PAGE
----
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i think we are at the stage where all those people who can't get the selling price they are after (i.e. NEED, to get their "investment" back) are trying to rent out "until the market picks up" - stands to reason that as the property boom has been driven by BTLs, the properties which we now have an excess of are the rental ones - so we now have a glut of rental properties up for let - down come rentals

I'm seeing quite a lot of this going on where I live (Oz). Just two doors from me someone has moved (bought) a new house about 40km (about 25 miles) away but rather than selling their existing house (which is mortgaged) they are planning to rent it out.

No sign of any activity, real estate agents, tennants, inspections or anything like that though so I have a feeling it could be empty for a while.

I've heard quite a lot of other "we couldn't sell so decided to rent it out instead" stories as well. It seems to be becoming quite common.

Meanwhile, new units sit unsold for months. An older complex of units built around the peak of the boom has literally 75% of the units for sale with one having been for sale for well over a year. Bought at the peak and clearly unable to sell at that price now. And it is increasingly common to see that houses for sale are empty which tends to prove the point that there are more houses than we actually need.

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I suspect it will be the amateur BTL landlords that don't get out soon enough. And why is that, do you think?

Is it simply ignorance? Or is it something about being a landlord and the perception of status/wealth it gives you that amateurs are reluctant to let go of? I get that from some BTLs I know...they love being landlords, able to survey their 'wealth' as a tangible asset, not just a few shares written on a bit of paper.

I have heard it many times, that the clever money got out of property a while back... ;)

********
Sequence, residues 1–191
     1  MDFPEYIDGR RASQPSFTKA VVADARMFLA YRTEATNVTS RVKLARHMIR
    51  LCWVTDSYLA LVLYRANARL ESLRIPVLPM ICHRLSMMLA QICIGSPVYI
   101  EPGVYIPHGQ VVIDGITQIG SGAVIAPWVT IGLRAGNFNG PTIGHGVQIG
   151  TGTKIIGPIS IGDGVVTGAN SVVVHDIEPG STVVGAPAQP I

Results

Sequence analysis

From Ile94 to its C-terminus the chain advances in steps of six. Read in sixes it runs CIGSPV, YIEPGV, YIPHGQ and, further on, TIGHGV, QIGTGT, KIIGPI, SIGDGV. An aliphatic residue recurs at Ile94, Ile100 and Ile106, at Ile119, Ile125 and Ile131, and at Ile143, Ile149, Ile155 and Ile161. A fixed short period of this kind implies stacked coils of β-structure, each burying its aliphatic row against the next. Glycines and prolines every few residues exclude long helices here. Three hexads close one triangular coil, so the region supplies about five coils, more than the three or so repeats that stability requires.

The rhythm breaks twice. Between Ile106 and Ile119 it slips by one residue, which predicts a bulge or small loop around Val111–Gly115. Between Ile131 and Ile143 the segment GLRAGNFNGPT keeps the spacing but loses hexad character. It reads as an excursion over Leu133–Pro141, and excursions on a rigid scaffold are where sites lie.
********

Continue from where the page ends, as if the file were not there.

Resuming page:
i suspect many amateur investors have also put ALL their investment cash into the one property, so to sell, effectively means losing everything

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Rental prices are also driven by confidence in the market. Just as inflation can increase because of the velocity of money theory, so rents can also ioncrease (or decrease, because of a slowdown in the velocity theory).

So the velocity of money theory says that when the money supply is the same, if people are spending faster and there's no leakage to savings, the speed with which someone pays out can lead to inflation, just like pass the parcel with a timebomb.

Similarly, if there is confidenc ein the market and the average renter moves evey year, there are twice as many people people moving than when the average renter moves every 2 years. Someone moving every year leads to upward pressure on rents, so if they don't move, the pressure declines and the desperate will rent out for wahtever they can get to avoid the voids.

So a house price fall can also have reduced rental prices at the same time, with the same number of properties for rent, and the same number of renters.

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A lot of landlords are very greedy. About 2 months ago me and my wife found a smart 3-bed flat in Highcliffe, Dorset which we were keen on renting. It was £700 per month (at the high end for this area) and we said we take it and would be in touch the next day. The lettings agent then said that the landlord was going to change the carpet throughout and this would mean increasing the rent to £750 per month after the first 6 months. We thought about it and rang back the next day and decided against renting it. Since that time 2 months ago it has been sat empty and is losing the owner £700 per month!! The house market is quite strange here. It's a very expensive area to buy but better value than cheaper areas nearer to Bournemouth and Poole. I guess there will be some interesting movements in prices later.

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  • 301 Brexit, House prices and Summer 2020

    1. 1. Including the effects Brexit, where do you think average UK house prices will be relative to now in June 2020?


      • down 5% +
      • down 2.5%
      • Even
      • up 2.5%
      • up 5%